In the course of my research following his death, I found that Belolo was co-responsible for a horrifying version of “Aquarela do Brasil” by the Ritchie Family, and for the kitsch classics “Y.M.C.A.”, “In the Navy”, and “Go West” by the Village People.

However, it is Break Machine’s record “Street Dance” (1983) which I want to bring your attention here. A personal favorite, of however questionable taste it may appear to be.

RIP Toni Morrison (1931 – 2019)

Toni Morrison was a American writer perhaps best-known for her novel Beloved (1987).

Beloved has been banned from five U.S. schools since 2007. Common reasons for censorship include bestialityinfanticidesex, and violence.

Perhaps an offending passage is this one, in which Sethe pays the tombstone engraver with sex:

“You got ten minutes I’ll do it for free.

Ten minutes for seven letters. With another ten could she have gotten “Dearly” too? She had not thought to ask him and it bothered her still that it might have been possible–that for twenty minutes, a half hour, say, she could have had the whole thing, every word she heard the preacher say at the funeral (and all there was to say, surely) engraved on her baby’s headstone: Dearly Beloved.”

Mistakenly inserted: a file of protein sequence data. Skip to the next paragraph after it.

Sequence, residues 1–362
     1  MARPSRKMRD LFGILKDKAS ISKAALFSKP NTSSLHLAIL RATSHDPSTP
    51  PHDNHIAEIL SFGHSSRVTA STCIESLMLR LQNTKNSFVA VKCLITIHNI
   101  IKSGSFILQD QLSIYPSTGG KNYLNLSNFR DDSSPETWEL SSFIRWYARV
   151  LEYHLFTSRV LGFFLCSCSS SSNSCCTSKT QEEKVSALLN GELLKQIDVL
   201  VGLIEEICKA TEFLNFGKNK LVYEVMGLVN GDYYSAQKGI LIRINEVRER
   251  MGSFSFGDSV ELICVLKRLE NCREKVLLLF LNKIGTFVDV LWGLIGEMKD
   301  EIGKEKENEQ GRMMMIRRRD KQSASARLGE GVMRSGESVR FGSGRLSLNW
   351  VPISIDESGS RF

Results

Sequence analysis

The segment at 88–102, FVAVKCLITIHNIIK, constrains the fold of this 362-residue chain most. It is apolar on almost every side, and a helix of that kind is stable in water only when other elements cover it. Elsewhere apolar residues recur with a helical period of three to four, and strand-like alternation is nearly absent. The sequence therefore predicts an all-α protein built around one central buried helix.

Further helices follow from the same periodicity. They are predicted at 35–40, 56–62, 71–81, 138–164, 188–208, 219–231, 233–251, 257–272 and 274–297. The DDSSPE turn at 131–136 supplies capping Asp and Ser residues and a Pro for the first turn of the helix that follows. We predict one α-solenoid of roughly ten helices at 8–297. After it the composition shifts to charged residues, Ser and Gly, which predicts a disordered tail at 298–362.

Margaret Atwood in Writing with Intent: Essays, Reviews, Personal Prose: 1983-2005 (2009) remarks:”Sethe wanted “Dearly Beloved [on the tombstone],” from the funeral service, but had only enough strength to pay for one word. Payment was ten minutes of sex with the tombstone engraver.”

‘Beloved’ film trailer

RIP D. A. “direct cinema” Pennebaker (1925 – 2019)

D. A. Pennebaker was an American documentary filmmaker and one of the pioneers of direct cinema. Documentaries about performing artists and politics were his primary subjects. He was known for his hand-held camera aesthetic.

Pennebaker was an important chronicler of sixties counterculture.

To the general audience, he is probably best-known for the film clip to “Subterranean Homesick Blues“, in which Dylan displays and discards a series of cue cards bearing selected words and phrases from the lyrics of the song.

RIP Bryan Magee (1930–2019)

Bryan Magee was a British philosopher noted for bringing philosophy to television in the programs Men of Ideas (1978) and The Great Philosophers (1987).

A quick check found some really boring television (I love boring television if it’s extremely boring, regular television is just plain boring).

In the beginning of this bit two men in suits are sitting on a sofa facing each other as well as the camera. They are John Passmore and Bryan Magee and they discuss David Hume in 1987:

And then there is this bit of 1977 when Magee interviews Herbert Marcuse:

RIP Rutger Hauer (1944 – 2019)

Rutger Hauer was a Dutch actor best known for his role as Roy Batty, the renegade replicant in the cult film Blade Runner (1982).

Especially famous is Hauer’s death soliloquy:

“I’ve seen things you people wouldn’t believe. Attack ships on fire off the shoulder of Orion. I watched C-beams glitter in the dark near the Tannhäuser Gate. All those moments will be lost in time, like tears in rain. Time to die.”